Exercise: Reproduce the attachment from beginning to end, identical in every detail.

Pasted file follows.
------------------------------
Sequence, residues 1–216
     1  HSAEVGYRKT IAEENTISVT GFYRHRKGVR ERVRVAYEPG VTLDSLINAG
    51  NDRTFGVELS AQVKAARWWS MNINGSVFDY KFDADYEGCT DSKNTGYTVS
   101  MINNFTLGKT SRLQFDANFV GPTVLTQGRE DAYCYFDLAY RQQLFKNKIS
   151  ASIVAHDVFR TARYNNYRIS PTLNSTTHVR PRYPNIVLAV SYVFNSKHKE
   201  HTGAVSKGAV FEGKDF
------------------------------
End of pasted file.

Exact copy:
Sequence, residues 1–216
     1  HSAEVGYRKT IAEENTISVT GFYRHRKGVR ERVRVAYEPG VTLDSLINAG
    51  NDRTFGVELS AQVKAARWWS MNINGSVFDY KFDADYEGCT DSKNTGYTVS
   101  MINNFTLGKT SRLQFDANFV GPTVLTQGRE DAYCYFDLAY RQQLFKNKIS
   151  ASIVAHDVFR TARYNNYRIS PTLNSTTHVR PRYPNIVLAV SYVFNSKHKE
   201  HTGAVSKGAV FEGKDF